ROGUE - The lower Rogue Bay turned on terrifically for fall chinook salmon trollers over the weekend while middle Rogue anglers started to stumble into some big summer steelhead and upper Rogue anglers saw a decent smattering of spring chinook and summer steelhead catches.

ROGUE - The lower Rogue Bay turned on terrifically for fall chinook salmon trollers over the weekend while middle Rogue anglers started to stumble into some big summer steelhead and upper Rogue anglers saw a decent smattering of spring chinook and summer steelhead catches.

That means the best bet has shifted to the lower Rogue Bay, where the catching's good and the crowds aren't yet crazy.

Fishing got hot Sunday when close to 100 early-run fall chinook were caught by anglers trolling mostly from the jetty jaws straight to the Highway 101 bridge and back. The chinook seem suspended, so straight anchovies have worked as well or better than anchovies with spinner blades. Green G-Spot spinners also are working well. Fish are coming best during the in-coming tides. The bite slowed Monday and Tuesday, and was holding at around 40 fish on Wednesday. Anglers can keep two a day and up to 10 a year under restricted bag limits.

In the upper Rogue, fishing's a mixed bag of spring chinook and summer steelhead. The count tells why; through July 17, 11,734 spring chinook had been counted at Gold Ray Dam, while another 2,269 summer steelhead have flashed by. That's about 100 summer steelhead a day.

The best boat fishing for spring chinook has been upstream of Shady Cove, while downstream of Shady Cove has been decent for springers if anglers focus on the migration lanes. The Hatchery Hole has been surprisingly slow and effort there has been light. All wild chinook must be released unharmed for those fishing upstream of the Hog Creek boat ramp in the middle Rogue downstream from Merlin.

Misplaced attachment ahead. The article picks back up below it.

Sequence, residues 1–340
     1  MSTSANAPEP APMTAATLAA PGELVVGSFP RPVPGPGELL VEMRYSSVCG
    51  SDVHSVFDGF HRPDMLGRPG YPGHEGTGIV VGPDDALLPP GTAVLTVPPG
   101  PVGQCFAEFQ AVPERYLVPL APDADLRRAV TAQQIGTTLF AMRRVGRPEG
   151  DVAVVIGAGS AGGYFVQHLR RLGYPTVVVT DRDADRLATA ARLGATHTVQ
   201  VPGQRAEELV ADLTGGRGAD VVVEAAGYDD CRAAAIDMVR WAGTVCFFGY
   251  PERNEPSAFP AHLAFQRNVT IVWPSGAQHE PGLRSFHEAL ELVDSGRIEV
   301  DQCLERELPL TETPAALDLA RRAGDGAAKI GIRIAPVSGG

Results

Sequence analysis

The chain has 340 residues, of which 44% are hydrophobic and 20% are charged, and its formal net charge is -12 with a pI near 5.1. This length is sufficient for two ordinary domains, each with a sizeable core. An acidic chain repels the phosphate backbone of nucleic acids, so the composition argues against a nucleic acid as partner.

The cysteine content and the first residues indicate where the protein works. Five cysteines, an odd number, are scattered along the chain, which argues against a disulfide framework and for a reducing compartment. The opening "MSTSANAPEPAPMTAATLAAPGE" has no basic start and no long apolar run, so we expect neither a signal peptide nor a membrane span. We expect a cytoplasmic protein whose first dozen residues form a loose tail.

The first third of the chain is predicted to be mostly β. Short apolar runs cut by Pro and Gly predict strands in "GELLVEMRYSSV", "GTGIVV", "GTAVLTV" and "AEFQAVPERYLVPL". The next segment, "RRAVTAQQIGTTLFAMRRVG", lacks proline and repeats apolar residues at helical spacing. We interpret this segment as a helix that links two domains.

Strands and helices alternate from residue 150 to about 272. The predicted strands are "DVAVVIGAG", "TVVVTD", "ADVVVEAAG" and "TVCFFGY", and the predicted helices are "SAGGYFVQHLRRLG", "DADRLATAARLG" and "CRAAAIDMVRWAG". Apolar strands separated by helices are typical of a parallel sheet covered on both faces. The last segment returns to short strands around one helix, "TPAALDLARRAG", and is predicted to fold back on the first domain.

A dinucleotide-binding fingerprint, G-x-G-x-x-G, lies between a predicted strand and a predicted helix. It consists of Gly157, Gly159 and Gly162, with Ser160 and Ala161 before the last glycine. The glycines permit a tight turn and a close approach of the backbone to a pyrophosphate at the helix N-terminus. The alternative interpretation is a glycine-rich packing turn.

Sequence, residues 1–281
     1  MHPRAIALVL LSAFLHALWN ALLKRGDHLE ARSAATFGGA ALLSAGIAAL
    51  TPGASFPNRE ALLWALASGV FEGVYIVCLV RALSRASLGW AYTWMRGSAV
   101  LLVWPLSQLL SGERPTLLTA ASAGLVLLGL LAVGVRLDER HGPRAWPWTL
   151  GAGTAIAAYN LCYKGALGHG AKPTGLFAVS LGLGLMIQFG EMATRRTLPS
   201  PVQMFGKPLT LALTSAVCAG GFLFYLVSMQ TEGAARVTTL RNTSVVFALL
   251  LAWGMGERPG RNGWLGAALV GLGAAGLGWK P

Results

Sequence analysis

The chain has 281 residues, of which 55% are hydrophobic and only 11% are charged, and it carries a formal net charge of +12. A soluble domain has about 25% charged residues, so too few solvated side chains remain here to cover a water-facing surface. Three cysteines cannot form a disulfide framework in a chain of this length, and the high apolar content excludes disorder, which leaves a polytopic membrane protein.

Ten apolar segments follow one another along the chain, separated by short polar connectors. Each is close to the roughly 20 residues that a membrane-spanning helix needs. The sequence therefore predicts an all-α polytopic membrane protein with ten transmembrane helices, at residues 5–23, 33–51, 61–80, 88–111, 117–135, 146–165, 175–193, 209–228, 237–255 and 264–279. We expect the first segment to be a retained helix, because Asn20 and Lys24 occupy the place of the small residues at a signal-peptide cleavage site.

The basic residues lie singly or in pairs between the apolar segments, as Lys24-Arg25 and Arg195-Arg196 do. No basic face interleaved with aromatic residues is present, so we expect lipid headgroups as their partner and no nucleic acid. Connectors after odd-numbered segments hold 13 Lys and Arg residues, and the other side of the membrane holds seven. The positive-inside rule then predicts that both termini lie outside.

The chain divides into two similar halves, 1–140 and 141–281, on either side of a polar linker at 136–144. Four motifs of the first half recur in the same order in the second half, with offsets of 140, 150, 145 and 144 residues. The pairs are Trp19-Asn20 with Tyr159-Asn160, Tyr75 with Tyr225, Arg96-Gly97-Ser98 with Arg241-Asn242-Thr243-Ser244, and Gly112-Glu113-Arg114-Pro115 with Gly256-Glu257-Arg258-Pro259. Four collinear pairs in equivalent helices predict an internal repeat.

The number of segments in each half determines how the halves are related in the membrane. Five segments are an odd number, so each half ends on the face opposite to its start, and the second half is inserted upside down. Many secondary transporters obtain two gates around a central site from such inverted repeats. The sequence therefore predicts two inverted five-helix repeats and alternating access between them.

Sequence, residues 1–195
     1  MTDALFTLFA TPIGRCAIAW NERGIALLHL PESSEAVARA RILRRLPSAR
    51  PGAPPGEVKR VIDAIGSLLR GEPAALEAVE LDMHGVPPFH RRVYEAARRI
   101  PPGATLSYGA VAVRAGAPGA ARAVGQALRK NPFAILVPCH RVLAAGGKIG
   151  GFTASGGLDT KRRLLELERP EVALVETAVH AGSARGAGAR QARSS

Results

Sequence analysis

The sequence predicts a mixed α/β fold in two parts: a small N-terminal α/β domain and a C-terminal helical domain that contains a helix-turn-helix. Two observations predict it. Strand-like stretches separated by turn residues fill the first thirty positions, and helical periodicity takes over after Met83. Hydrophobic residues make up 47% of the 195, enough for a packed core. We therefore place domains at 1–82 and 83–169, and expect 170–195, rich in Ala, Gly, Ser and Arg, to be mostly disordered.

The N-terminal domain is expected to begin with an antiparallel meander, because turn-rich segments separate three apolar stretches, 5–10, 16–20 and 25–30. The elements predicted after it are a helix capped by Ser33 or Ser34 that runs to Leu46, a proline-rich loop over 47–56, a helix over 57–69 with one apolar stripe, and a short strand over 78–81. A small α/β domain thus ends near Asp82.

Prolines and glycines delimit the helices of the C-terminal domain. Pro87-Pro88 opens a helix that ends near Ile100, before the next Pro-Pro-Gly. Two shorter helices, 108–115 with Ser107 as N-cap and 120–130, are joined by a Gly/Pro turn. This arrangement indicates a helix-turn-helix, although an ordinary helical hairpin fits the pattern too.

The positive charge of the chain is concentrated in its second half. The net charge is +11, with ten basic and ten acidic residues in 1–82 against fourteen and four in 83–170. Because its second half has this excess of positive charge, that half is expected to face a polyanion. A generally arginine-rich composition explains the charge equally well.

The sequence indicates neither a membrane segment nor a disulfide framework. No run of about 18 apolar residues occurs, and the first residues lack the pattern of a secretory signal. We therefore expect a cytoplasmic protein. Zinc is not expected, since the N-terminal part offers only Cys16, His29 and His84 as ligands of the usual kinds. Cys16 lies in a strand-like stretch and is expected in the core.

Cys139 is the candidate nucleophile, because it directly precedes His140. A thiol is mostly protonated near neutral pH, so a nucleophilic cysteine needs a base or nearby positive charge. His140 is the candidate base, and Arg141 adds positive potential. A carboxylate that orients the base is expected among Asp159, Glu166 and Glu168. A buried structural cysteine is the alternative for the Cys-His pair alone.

Summer steelhead are spread out throughout the upper Rogue, mostly in swift water that has good oxygen content.

Summer steelhead will bite worms, streamer flies, ugly bugs, pink plastic worms, crayfish plugs and more. The trick is to find these fish in fast water around structure and tail-outs.

Flows out of Lost Creek reservoir have hovered around 1,920 cubic feet per second this week. The stonefly hatch on the flies-only stretch is over.

In the far upper Rogue upstream of Lost Creek Lake, weekly trout stockings are occurring around campgrounds such as Union Creek and Farewell Bend. Catches of legal-sized trout are good on worms, single salmon eggs or woolly bugger flies.

ILLINOIS - The river is open to catch-and-release fishing on resident trout. Catches are slow.

UMPQUA - Summer steelhead fishing is starting to improve in the bait-fishing areas of the North Umpqua. Some spring chinook are getting caught below Rock Creek, as well, and the vast majority are out of the mainstem. In the mainstem Umpqua, shad fishing is slow. Sturgeon fishing also remains slow in the estuary. Smallmouth bass fishing remains excellent in the Elkton area, but public access is poor.

The South Umpqua is very good for smallmouth, especially the lower end.

COQUILLE - A few sturgeon have been caught this past week in tidewater as anglers are starting to target them. Striped bass catches are fair.

COOS - Shad action has slowed way down in the South Fork of the Coos River for those trolling shad darts.

CHETCO - Fishing for cutthroat trout is fair to good in tidewater on bait. Upstream fishing is allowed only with artificial flies and lures, with Prince nymphs working well in pools in early mornings and evenings.

APPLEGATE - The river is open to angling, and a few fly-fishers are catching and releasing rainbow trout throughout the Applegate and Jackson Campground area. It's back to stonefly nymphs or prince nymphs.

KLAMATH - Dry-fly fishing for trout is good below the Boyle Powerhouse, with golden stoneflies still hatching and flying daily. Fly-fishing for trout has been good in the Keno area below Keno Dam with caddis and mayflies.